Bumpy ride for Malaysian glovemakers

KUALA LUMPUR: Due to persistently low demand, glovemakers' recent profit reports suggest that the sector's recovery is still uneven.

Kenanga Research noted a slight sequential weakening in earnings delivery during the fourth quarter (Q4) reporting season, with only 25 per cent/50 per cent/25 per cent of results surpassing/aligning with/falling below expectations, compared to 50 per cent/20 per cent/25 per cent in Q3 2023.

Among the four companies under its coverage, Kenanga Research mentioned that only Kossan Rubber Industries exceeded its forecast, while Hartalega Holdings Bhd and Top Glove Corp Bhd met expectations, and Supermax Corp Bhd reported disappointing results.

"The undertone suggests the sector's recovery path remains bumpy amidst continued weak demand, massive overcapacity, and predatory pricing by certain overseas players. 

"Despite registering a second consecutive quarterly profit, Kossan and Hartalega's Q4 2023 bottomline was lower quarter-on-quarter, dragged down by subdued sales volume and sustained high input nitrile butadiene rubber prices. 

"On the other hand, Supermax and Top Glove suffered their fifth and sixth consecutive quarterly losses, respectively, due to the sale of high-priced inventory at falling market prices, subdued sales volume coupled with lower overhead absorption on the back of a less-than-optimum utilisation rate," it said in a note.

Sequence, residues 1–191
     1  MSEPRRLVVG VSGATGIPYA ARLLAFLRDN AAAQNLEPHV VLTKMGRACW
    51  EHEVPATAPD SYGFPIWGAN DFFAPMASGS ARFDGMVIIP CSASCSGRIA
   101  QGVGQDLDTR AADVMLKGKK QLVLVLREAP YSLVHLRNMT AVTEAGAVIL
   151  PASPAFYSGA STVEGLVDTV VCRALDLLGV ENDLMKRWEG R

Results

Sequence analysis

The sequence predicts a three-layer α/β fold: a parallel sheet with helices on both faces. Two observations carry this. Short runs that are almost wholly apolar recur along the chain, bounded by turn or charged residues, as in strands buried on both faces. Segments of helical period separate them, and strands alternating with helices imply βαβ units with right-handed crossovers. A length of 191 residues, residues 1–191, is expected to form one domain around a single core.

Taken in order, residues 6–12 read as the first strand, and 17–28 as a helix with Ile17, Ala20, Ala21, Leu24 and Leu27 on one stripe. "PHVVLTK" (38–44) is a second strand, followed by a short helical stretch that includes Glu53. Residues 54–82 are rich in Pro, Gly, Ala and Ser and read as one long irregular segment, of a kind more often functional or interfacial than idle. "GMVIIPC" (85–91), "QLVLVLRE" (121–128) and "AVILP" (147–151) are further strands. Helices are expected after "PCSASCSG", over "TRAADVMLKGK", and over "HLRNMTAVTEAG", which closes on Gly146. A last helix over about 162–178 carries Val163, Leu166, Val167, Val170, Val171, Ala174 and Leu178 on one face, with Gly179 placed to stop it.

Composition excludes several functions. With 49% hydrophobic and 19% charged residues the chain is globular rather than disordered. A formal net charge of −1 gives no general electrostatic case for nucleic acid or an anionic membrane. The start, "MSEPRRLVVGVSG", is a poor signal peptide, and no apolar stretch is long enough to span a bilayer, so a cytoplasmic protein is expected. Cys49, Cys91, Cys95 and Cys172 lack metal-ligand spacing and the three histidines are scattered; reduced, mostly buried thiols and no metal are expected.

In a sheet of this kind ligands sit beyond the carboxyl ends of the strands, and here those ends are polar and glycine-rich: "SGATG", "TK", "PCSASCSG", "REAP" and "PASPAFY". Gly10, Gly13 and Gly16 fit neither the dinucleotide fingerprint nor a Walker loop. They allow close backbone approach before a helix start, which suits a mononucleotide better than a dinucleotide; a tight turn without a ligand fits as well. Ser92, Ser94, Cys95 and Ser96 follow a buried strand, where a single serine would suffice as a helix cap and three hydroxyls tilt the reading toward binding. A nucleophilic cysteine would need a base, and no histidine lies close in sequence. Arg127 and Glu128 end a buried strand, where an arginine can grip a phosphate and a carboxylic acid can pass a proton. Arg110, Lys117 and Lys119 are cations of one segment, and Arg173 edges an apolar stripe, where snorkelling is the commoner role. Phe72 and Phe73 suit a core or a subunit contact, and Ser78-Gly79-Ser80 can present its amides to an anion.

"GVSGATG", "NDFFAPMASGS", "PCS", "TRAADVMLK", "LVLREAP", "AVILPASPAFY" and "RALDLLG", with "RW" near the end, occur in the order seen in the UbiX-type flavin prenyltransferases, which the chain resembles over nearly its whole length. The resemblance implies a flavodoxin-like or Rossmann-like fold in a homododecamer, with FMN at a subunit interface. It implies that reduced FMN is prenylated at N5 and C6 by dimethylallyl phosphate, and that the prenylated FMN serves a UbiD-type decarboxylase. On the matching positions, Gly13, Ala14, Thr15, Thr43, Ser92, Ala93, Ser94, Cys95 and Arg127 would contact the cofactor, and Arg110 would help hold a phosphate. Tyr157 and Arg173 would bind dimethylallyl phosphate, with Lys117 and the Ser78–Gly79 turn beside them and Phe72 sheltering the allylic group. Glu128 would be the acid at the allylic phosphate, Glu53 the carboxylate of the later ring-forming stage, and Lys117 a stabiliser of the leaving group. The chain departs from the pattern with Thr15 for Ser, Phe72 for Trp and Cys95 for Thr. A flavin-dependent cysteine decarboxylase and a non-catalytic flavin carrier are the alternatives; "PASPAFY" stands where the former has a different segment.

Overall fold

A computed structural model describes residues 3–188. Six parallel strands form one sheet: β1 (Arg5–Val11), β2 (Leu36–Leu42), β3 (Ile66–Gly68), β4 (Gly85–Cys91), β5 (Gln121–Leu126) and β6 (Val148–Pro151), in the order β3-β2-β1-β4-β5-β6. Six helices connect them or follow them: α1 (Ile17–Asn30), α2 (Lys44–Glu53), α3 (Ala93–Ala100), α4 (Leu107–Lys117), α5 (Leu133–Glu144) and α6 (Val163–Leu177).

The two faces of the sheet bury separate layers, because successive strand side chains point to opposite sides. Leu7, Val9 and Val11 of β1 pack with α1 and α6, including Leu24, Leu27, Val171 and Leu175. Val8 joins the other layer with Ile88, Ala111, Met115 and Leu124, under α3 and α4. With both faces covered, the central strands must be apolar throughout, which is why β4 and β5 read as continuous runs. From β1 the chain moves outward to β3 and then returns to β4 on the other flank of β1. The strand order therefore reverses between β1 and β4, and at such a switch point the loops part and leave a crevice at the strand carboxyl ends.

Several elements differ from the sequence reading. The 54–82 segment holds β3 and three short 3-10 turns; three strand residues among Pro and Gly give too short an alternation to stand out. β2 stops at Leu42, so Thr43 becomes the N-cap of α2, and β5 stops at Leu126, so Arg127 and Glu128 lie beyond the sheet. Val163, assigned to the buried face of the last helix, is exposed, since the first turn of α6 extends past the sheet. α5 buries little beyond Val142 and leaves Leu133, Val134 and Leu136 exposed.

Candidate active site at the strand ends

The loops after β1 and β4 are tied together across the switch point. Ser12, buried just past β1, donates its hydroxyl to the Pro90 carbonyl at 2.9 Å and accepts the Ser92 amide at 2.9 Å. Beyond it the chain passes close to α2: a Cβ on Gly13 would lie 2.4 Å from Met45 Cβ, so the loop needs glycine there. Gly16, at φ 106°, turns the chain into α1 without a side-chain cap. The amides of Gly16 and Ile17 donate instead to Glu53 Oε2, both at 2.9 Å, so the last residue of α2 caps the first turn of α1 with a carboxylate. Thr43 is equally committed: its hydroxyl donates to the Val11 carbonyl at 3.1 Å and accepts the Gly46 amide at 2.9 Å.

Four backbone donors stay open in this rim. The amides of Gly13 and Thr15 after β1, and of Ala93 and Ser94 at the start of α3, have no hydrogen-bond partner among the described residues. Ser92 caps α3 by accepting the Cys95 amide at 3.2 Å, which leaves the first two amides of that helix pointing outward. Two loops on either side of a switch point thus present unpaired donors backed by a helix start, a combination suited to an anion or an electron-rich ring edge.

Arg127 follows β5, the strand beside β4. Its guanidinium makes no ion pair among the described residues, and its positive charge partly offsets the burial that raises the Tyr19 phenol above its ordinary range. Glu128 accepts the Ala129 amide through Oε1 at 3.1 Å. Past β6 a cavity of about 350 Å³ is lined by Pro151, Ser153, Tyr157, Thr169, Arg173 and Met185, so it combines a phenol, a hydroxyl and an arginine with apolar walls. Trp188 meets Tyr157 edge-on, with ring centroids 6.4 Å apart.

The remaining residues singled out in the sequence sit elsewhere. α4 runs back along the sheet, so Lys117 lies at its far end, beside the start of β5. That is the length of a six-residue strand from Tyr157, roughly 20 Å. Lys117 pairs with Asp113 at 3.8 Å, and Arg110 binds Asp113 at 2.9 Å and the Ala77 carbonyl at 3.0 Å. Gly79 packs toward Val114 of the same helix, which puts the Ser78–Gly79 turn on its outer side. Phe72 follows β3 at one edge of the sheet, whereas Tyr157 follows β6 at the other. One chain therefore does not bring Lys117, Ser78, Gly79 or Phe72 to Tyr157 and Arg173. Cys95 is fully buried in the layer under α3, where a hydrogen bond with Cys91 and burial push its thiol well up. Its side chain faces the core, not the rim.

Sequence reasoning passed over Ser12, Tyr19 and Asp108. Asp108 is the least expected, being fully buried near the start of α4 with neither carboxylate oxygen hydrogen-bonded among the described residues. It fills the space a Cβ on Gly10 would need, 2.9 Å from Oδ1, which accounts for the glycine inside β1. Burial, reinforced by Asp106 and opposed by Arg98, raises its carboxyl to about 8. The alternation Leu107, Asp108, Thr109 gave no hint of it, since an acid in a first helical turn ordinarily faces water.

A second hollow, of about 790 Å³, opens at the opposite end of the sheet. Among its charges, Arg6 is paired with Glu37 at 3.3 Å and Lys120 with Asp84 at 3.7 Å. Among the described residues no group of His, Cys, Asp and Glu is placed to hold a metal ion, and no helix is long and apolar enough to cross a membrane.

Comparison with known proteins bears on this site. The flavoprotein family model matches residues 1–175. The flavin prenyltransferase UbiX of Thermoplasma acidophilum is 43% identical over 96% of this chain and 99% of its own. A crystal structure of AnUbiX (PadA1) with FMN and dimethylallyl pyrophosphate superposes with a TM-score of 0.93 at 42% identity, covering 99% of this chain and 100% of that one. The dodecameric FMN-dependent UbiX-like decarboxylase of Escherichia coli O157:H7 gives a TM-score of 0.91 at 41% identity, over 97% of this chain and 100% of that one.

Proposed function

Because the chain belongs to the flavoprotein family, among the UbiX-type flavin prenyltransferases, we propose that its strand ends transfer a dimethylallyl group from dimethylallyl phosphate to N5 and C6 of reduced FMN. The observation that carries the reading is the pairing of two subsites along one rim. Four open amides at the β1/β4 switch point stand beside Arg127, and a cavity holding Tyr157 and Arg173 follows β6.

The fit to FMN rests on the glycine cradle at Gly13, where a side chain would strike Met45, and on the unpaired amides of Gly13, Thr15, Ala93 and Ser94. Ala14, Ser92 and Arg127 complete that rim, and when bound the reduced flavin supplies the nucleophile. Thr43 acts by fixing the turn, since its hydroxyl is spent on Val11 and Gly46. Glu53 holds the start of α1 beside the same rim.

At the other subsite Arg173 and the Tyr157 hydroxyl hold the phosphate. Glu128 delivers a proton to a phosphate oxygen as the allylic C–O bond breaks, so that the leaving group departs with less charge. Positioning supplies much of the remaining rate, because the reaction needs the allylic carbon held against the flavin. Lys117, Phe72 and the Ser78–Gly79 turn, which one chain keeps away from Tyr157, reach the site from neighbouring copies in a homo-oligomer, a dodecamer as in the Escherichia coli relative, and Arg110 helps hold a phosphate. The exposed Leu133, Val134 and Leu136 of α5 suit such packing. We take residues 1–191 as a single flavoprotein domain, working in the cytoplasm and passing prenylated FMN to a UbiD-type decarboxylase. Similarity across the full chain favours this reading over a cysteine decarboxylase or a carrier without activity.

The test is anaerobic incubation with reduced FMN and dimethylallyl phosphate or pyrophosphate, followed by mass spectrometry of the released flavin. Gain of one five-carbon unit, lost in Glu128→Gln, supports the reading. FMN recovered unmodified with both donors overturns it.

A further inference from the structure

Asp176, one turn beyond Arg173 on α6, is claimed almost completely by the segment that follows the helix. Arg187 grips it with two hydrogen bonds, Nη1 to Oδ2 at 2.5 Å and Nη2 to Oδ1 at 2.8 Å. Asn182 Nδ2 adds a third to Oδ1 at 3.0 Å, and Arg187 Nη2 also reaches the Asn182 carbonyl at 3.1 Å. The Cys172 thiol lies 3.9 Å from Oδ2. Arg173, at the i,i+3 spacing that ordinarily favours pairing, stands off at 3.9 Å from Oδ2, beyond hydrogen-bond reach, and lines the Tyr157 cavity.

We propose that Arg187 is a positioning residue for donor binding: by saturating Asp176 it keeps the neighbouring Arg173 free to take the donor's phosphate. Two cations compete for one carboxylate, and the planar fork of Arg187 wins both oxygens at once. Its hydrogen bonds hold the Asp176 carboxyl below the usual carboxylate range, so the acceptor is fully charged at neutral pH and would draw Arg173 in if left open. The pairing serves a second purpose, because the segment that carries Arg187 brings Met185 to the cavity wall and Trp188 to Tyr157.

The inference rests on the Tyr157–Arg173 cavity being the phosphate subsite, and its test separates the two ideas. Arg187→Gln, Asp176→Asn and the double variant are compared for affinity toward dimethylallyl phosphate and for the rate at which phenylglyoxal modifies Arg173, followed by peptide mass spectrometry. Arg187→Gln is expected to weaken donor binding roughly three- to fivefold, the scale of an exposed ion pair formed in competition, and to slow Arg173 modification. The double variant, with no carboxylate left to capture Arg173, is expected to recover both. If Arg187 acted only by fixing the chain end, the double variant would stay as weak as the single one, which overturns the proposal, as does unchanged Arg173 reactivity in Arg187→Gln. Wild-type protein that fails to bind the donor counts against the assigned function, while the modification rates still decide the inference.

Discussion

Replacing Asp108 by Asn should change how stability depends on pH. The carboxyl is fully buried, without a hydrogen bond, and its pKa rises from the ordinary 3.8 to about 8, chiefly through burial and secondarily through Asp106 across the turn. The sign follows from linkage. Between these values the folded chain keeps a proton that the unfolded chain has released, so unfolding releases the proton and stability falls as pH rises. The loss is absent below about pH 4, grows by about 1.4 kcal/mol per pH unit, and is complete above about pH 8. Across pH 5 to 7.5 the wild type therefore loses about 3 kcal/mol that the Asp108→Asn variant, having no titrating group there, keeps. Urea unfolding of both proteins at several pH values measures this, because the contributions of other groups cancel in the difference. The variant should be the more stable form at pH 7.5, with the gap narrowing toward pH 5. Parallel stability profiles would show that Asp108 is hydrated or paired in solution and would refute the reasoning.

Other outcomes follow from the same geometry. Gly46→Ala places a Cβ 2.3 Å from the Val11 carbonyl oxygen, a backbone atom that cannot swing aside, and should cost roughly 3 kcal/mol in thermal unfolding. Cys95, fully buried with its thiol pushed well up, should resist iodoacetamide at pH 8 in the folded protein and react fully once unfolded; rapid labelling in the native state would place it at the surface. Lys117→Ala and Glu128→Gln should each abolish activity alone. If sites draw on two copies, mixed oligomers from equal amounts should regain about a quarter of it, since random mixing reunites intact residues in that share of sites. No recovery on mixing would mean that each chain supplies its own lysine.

Kenanga Research anticipates continued volatility in sector earnings ahead, attributing it to weak demand and persistently high nitrile butadiene rubber prices.

The industry foresees fluctuating quarterly sales orders as distributors and buyers refrain from placing significant orders or holding substantial stocks due to ample supply availability.

"We expect the operating environment to remain challenging in subsequent quarters, plagued by predatory pricing by certain overseas players (i.e. selling below cost over an extended period of time to eliminate competitors) and massive oversupply. 

"Overall, the industry is cautious about raising prices (to fully pass on the higher input cost) given the still competitive landscape in the industry. 

"This falls in line with our view that raising the average selling price (ASP) over the immediate term will be challenging. With a low industry utilisation of about 40 per cent, this is without a doubt still a buyer's market."

The demand-supply situation is projected to approach equilibrium by 2026, with no new capacity additions and a 15 per cent annual growth in global demand for gloves.

Malaysian Rubber Glove Manufacturers Association (MARGMA) forecasts a 12 per cent to 15 per cent annual growth in global demand for rubber gloves from 2023, following a 25 per cent contraction in 2023.

We project the demand for gloves to rise by 30 per cent in CY24 to 390 billion pieces and resume its organic growth of 15 per cent thereafter. 

"This will result in an excess capacity of 212 billion pieces in CY24. The overcapacity still persists, which means low prices and depressed plant utilisation will continue to plague the industry in CY24," it said. 

Kenanga Research assumed an ASP of US$20 per 1,000 pieces, similar to CY23, and an average plant utilization of 45 per cent, up from an estimated 40 per cent in 2023. 

The firm maintains an "underweight" recommendation for the sector and does not have a top pick.

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